"Railroads, Service. No railroad shall tear up and remove or discontinue the use of any portion of its track, other than spur, industrial or storage tracks, or curtail any part of its service to the public afforded by its regular passenger trains or at its stations without notice to the commission and such notice to the public as the commission may direct. Upon complaint or upon its own motion, the commission may investigate the reasonableness of the proposed action of the railroad and, after hearing, may determine whether the proposed action is consistent with the public good, and may by order forbid the proposed removal of tracks or prescribe the service which shall thereafter be rendered. If the commission so directs, no removal of tracks or change in the service rendered by the railroad shall be made pending the decision of the commission in any such proceedings; provided, however, that such obligation to continue the service shall be operative for a period not exceeding sixty days after the close of such hearings as may be held by the commission."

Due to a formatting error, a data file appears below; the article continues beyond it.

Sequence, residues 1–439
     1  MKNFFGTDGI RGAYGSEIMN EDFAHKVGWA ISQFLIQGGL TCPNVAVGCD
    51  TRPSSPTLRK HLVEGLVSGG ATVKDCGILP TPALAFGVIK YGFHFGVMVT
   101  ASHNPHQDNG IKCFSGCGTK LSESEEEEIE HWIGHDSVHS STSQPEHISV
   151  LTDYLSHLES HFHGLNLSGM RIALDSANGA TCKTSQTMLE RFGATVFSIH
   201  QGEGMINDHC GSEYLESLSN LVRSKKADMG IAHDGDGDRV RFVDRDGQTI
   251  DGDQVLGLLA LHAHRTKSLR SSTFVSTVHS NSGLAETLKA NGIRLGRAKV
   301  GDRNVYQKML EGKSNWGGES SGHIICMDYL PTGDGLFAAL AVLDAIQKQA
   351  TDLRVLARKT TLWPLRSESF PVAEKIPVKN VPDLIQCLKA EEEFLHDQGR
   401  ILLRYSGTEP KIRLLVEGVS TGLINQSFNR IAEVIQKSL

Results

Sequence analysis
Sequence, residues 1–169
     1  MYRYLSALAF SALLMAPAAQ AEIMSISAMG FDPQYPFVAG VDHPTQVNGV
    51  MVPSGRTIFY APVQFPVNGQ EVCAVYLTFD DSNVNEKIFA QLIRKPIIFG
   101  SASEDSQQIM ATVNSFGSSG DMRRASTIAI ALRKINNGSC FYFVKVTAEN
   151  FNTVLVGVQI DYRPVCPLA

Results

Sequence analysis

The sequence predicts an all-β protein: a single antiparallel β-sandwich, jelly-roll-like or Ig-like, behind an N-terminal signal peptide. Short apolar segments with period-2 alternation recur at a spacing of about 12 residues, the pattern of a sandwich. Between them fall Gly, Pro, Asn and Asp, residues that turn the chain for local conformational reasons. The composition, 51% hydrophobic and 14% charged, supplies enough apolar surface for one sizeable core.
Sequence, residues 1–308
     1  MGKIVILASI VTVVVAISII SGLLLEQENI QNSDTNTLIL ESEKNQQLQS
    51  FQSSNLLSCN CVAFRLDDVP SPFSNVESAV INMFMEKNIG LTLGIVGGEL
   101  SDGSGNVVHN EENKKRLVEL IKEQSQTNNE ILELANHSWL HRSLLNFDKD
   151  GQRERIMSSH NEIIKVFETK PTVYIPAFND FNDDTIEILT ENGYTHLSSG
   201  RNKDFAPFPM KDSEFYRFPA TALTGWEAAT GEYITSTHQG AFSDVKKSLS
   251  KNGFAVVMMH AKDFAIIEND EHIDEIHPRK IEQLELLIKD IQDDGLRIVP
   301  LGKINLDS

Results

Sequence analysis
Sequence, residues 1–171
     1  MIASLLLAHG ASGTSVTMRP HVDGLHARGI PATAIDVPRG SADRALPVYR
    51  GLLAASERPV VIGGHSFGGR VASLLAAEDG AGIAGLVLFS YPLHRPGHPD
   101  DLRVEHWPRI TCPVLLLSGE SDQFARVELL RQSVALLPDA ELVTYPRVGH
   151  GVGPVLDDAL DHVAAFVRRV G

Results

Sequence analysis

The trustees claimed in addition that the prohibition on the use of the railroad superstructure was a taking of their property without just compensation, in violation of the fourteenth amendment. The reorganization court did not reach that issue because of its decision that the State lacked jurisdiction
Instead, the Commission gave the State sixty days from the issuance of the certificate to purchase the branches at a price not less than the fair salvage value